Sign in

Linguist, endangered languages advocate, runaway company executive, urban explorer and world traveller.

From 23,000 BC to the 21st Century

Nude carvings and paintings have always been a feature of European art. Right from the moment Stone Age hunters learned how to carve rock and ivory or how to shape clay and fire it to produce little statues with surprising detail, the female nude — whether meant to inspire, titillate or just represent how women dressed in that period — has been a constant archetype.

A modern-day observer might be startled as to how much the ideal proportions of women’s bodies have evolved over time and space. And no other body part has been artistically reinterpreted into as many shapes…


Are some languages really more “primitive” than others?

A Brazilian man I knew who was born near his country’s vast Amazon region once told me, “You know, the índios, they’re really primitive…most of the tribes don’t even have words for numbers. That’s why they can’t do mathematics and they don’t understand money.” I found his remarks fascinating.

Most Brazilians, and this ironically includes those with mestiço ancestry (mixed European and Native American) often have rather disparaging things to say about their country’s indigenous peoples.

“They’re primitive, they’re barely out of the Stone Age, they run around all day naked, they hunt with wooden blowpipes, they eat monkeys and…


From Stone Age shamans to naughty Mediaeval marginalia

One of the first things to catch the eyes of a student of Mediaeval manuscripts is the amount of scribbles and doodles — some of them absolutely bizarre — on the margins of books or other documents. Hence the Latin word marginalia (marginalium in the singular), used to describe these fantastically elaborate doodles peaking out from the margins. Where else can one find, nestled among highly formal Latin writing, images as strange as a naked woman riding on a green penis monster flying through the text?


A nude webcam model explains how he makes close to $1,000 a week from his bedroom

The most surprising thing about G (referred to by initial only, as per his request) that crossed your mind when you first met him was how normal he looked. Blond, blue-eyed with a slim build and pleasant smile, he looked like a university student. When I first met him in the early summer of 2016 he was working in a popular gay bar in Central London. That bar was frequented by locals and tourists alike and looked pretty much like any other proper London pub. …


Chapter 2: Types of swearing from around the world

Swearing varies dramatically from language to language: for example, the Mandarin Chinese word dàn, meaning “egg” appears in a slew of curses and insults related to adultery and bastard children; the Portuguese porra, referring to a medieval club-like weapon has now become the all-purpose Brazilian vulgar oath meaning everything from “semen” to “bullshit” to “fuck!”; Canadian French employs religious swearing (“chalice”, “sacrament”, “tabernacle”) that would sound downright bizarre to English speakers.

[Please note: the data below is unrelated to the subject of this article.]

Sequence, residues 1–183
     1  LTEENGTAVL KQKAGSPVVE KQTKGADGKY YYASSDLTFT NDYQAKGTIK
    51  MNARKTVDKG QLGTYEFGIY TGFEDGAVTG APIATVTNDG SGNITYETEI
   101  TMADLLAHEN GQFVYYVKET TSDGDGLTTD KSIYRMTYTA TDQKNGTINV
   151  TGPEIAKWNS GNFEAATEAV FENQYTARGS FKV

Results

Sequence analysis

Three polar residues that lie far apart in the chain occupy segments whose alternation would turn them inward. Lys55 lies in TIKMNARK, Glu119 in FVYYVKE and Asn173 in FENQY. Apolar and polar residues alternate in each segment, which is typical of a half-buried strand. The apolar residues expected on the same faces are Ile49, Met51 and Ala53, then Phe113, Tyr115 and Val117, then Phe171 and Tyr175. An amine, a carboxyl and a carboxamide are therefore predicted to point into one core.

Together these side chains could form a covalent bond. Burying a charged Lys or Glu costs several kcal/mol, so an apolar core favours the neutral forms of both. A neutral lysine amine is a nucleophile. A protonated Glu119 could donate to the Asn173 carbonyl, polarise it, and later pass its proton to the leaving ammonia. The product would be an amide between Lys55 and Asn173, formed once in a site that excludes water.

“Profanity” comes from the Latin profanus, “outside the temple” and was specifically about insulting sacred and holy objects. …


My takeaway from this experience and how my outlook on life, health and family relationships has changed

A few days ago, my 37-year-old brother had a stroke. It happened in the middle of the night, and he had woken up in the morning feeling weak. Neither he nor his wife had realized the full extent of the damage until late morning. As he went about his day, he noticed that he had trouble lifting up his left arm and worse, started feeling a growing stiffness in his left leg.

By lunchtime things took a turn for the worse — the left side of his face had started drooping and his speech became slurred. He had no feeling…


Chapter 1: The spread of our favourite English four-letter words

Let’s be honest, everyone swears. In the English-speaking countries alone, a set of roughly ten words consistently accounts for over eighty percent of public swearing. And now, thanks to our increasingly connected world with its shrinking borders and ease of communication, swear words are being shared across languages like never before.

Bordeaux is one of my favourite cities, and whenever I’m in town I make it a point to stay at my regular AirBnB, a nineteenth-century Bordelaise house on the right bank of the River Garonne far from the hustle and bustle of historic downtown. One lovely afternoon, as I…


The fascinum, a talisman in the shape of an erect penis, was the most common form of protective magic symbol in ancient Roman art. They were bizarre-looking — imagine erections carved or drawn with wings, horse legs and tails, with women riding of top, attached to gladiators and growing out of the bodies of naked gods. The Romans made them into amulets, rings, oil lamps, wind chimes, frescoes and bas-reliefs. They were everywhere in the Roman empire and were even found on Hadrian’s Wall. They provided protection from the evil eye, a malevolent energy caused by envy.

You can find out more via this link:

While modern Mediterranean peoples still believe in the evil eye, penis talismans are sadly no longer in vogue!


Art and Archeology

Was One of the Most Powerful Magic Talismans of the Roman Empire

The fascinating history of the fascinum and why the Romans had an obsession with penises

Schoolboys visiting the ruins of Leptis Magna (in modern Libya) often end up pointing inanely and breaking into fits of raucous laughter while gawking at one monument — a shockingly obscene fascinum carved on a bas-relief. This particular beastie is shaped like a large erect penis standing on a pair of horse legs. …

Get the Medium app

A button that says 'Download on the App Store', and if clicked it will lead you to the iOS App store
A button that says 'Get it on, Google Play', and if clicked it will lead you to the Google Play store